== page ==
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Jamie Lawrence

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New research highlights most common CV ‘mistakes’

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Common CV mistakes and a lack of attention to detail are holding job hunters back, according to new research.

Close to 80% of advisers from the National Careers Service said that the most common mistake (more of a strategy really) was sending generic CVs to employers.

A further two-thirds (66%) said this mistake was most likely to prevent an applicant reaching the interview stage.

The research also found that 24% of job seekers questioned admitted to not tailoring their CVs for previous jobs, while 40% of unemployed people say failing to tailor their CV was a common error they made.

Other common CV mistakes highlighted by the careers advisers were a failure to highlight strengths (76%), CV length (65%) and spelling errors (61%).

A third of job seeking respondents were not aware of having made errors on their CVs.

Well over half (60%) of advisers suggest people spend an hour a week working on their CVs, while just 30% of job seekers actually do.

Joe Billington, Director of the National Careers Service, said: “Our advisers report a real careers void when it comes to writing CVs. People know that they are making mistakes, but not spending enough time on making sure their CV is fit for purpose.

“A CV is an applicant’s shop window and it’s vital that people spend at least an hour a week keeping their CV up-to-date and tailoring it for each application. With the right advice and support anyone can turn their CV from a careers void into a careers victory.”

The National Careers Service provides free impartial advice on career-related matters to anyone aged 13 and over in England.

The NCS survey questioned 196 advisers via SurveyMonkey, while the survey of jobseekers was conducted online in two waves, and sampled a random group of adults aged 18+ in England.

3 Responses

  1. How to write a good CV

    Article by Job Vacancies Sri Lanka
     

    Your CV is the single most important document when looking for a new job. It doesn’t matter how long it has taken for you to write. The person reading it will form an opinion within 5 seconds.

    Nowadays, job market has become extremely competitive over the years and it is this reason why you should focus extra attention on your CV.

    As well as grabbing the attention of your potential employer your CV has to impress him too. Youhave to show you have the necessary skills and competencies to do the job. It’s a lot to ask but all it takes is a few simple rules to make sure you produce a well presented accurate and concise CV that will give you every opportunity to secure an interview.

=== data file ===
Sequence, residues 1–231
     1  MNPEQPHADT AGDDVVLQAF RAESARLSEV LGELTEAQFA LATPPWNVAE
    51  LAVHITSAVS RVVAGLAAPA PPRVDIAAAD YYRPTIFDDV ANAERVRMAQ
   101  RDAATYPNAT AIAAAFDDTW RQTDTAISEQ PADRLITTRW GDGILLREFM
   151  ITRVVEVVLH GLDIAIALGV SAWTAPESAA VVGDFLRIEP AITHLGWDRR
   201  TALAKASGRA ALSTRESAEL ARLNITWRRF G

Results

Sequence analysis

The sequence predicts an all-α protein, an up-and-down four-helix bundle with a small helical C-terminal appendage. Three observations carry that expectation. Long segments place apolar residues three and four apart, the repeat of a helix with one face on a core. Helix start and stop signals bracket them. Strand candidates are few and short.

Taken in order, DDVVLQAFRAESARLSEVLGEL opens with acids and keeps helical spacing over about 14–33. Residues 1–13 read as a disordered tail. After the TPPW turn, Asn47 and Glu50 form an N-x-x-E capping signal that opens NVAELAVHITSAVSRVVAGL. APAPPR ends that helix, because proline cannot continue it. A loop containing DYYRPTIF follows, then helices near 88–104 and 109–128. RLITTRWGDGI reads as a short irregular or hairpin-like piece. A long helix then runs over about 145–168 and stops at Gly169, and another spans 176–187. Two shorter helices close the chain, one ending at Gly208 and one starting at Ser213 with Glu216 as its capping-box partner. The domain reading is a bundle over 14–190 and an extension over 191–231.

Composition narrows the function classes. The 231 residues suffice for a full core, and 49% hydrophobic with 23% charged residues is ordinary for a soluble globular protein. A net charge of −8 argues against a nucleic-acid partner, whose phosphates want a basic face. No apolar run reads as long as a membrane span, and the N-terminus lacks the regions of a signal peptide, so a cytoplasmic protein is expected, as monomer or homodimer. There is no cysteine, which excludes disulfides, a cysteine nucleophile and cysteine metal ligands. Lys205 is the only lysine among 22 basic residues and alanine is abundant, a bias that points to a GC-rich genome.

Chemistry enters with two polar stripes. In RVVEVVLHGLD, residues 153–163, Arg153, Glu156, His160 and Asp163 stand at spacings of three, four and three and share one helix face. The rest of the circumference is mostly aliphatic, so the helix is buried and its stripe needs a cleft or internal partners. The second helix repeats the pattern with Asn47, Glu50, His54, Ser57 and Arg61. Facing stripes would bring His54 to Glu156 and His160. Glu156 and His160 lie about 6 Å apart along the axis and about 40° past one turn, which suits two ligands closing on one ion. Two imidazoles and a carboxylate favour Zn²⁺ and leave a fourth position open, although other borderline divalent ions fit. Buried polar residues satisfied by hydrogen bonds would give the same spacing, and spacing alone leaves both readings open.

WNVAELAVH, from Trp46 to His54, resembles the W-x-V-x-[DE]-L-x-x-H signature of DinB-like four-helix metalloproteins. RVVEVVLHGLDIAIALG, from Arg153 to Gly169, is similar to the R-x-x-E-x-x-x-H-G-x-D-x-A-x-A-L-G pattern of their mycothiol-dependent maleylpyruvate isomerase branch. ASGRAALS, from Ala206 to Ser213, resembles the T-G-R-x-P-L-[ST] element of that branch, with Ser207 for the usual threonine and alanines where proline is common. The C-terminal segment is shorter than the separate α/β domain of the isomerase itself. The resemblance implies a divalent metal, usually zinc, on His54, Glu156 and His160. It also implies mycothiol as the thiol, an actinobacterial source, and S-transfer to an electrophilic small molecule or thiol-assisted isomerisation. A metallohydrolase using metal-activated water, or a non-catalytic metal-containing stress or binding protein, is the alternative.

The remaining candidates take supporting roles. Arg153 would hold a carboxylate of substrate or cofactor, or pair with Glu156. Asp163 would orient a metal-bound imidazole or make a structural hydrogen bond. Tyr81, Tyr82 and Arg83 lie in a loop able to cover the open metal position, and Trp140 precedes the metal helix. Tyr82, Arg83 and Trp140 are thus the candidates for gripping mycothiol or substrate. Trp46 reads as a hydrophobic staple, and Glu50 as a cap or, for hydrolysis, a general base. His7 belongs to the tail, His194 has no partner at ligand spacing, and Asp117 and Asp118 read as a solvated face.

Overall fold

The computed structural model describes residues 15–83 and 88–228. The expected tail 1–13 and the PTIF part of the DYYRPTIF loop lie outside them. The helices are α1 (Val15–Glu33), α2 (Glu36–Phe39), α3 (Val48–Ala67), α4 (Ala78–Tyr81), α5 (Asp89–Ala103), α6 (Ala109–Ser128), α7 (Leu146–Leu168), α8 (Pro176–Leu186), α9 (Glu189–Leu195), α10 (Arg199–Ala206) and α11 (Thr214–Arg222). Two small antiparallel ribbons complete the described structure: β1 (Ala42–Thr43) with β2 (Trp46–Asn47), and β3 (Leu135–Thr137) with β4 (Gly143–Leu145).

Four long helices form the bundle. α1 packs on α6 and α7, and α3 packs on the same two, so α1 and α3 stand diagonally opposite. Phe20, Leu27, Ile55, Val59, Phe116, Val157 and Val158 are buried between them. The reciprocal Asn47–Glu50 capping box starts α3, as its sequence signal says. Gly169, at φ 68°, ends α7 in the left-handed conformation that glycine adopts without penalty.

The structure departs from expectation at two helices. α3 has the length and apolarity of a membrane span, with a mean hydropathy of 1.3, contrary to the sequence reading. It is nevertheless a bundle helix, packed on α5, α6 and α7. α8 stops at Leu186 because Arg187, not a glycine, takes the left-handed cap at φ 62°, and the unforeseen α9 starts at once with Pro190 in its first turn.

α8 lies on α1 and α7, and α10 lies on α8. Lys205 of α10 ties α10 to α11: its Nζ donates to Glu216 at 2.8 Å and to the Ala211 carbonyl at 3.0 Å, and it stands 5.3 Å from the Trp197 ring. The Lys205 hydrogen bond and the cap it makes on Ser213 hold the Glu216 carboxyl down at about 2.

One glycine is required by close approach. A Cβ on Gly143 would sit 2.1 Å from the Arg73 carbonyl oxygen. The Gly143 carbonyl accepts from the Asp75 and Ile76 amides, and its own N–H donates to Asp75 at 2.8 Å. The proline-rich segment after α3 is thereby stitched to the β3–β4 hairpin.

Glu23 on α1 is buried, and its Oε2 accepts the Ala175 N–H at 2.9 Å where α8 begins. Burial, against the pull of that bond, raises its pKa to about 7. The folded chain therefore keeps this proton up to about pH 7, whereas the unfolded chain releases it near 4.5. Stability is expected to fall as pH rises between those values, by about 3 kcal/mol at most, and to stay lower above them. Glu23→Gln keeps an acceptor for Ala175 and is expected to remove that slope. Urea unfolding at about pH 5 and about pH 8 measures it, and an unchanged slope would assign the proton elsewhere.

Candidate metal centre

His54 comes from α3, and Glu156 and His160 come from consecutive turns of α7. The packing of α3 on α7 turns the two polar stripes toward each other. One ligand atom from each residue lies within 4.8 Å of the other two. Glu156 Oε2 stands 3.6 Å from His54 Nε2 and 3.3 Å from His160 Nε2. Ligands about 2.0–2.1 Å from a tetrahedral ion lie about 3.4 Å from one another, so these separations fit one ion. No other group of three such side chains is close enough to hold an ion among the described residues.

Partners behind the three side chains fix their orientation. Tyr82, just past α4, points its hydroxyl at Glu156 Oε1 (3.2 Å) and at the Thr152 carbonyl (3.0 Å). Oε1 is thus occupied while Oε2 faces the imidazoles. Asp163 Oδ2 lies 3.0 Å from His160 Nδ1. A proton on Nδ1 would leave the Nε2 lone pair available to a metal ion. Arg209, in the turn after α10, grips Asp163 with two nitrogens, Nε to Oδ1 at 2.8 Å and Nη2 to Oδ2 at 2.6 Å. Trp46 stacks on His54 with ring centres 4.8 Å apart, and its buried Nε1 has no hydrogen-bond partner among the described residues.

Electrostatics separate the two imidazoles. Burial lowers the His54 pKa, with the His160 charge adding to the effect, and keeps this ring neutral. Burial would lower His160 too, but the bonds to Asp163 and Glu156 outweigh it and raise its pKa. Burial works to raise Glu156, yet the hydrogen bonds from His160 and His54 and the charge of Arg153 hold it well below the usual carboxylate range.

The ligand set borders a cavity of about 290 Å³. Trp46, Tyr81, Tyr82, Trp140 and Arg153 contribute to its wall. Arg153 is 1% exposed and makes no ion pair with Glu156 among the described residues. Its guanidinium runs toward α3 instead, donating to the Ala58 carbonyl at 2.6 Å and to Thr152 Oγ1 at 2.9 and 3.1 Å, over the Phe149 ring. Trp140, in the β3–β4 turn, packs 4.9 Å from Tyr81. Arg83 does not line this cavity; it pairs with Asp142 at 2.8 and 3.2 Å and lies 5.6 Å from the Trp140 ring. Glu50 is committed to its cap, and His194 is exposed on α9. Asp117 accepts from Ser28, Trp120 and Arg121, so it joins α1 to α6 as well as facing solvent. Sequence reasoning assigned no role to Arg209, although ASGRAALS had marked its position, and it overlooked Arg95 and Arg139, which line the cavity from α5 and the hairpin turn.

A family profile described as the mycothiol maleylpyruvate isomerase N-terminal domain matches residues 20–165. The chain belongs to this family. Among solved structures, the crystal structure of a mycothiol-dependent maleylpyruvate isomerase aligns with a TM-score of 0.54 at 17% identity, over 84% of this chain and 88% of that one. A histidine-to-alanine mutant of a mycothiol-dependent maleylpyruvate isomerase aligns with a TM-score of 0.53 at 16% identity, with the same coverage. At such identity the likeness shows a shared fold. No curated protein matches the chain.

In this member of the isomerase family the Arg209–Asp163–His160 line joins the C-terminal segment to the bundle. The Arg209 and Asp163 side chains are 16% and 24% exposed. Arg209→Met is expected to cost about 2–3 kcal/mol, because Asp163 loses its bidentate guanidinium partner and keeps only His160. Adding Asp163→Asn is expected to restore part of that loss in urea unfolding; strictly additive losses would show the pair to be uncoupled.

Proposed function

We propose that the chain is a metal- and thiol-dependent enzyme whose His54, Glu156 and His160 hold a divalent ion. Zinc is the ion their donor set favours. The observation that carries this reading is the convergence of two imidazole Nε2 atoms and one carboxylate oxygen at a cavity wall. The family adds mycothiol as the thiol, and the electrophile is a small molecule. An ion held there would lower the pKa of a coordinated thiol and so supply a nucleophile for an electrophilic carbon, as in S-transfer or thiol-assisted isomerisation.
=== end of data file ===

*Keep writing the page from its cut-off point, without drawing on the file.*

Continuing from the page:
Rule 1: Write it yourself

    It needs to represent you and the language you use. You will be expected to discuss the CV at an interview and a recruiter will definitely know when a CV is not your own.

    Best way to lay out a CV is to start with your name and contact details. Your date of birth is not necessary, neither are you nationality or your marital status.

    The big question now is what comes next? This is the critical part of the CV. Some people think a personal profile is the best way to make that positive impression. Sometimes it is but 9 times out of 10 personal profiles have the opposite effect so we think its best avoided all together.

    The most dynamic section of your CV is the section that charts your key achievements. Put it first; backup your achievements with compelling facts. Don’t just tell the reader you wrote and implemented an absence policy; tell them that you reduced sickness absence levels from 11% to 2.5% over a 1 year period

    Once you captured your reader’s interests they will want to know where you worked so your employment history comes next. Include job title and dates and put the most recent first. Also include a description of your duties and your responsibilities. Include precise details these will make your skills tangible.

    Then come’s your educational qualifications, again most recent first. Start with your most relevant professional qualification first then give the full title of your degree and then the summary of subjects and grades. These are followed by relevant training which comes in a separate section.

    The interest and hobbies section should not be under estimated keep away from boring clichés and show hobbies that can demonstrate a range of skills relevant to the job or transferable to a work place setting. If possible pick hobbies that will look out of the ordinary so you can stand out from the crowd.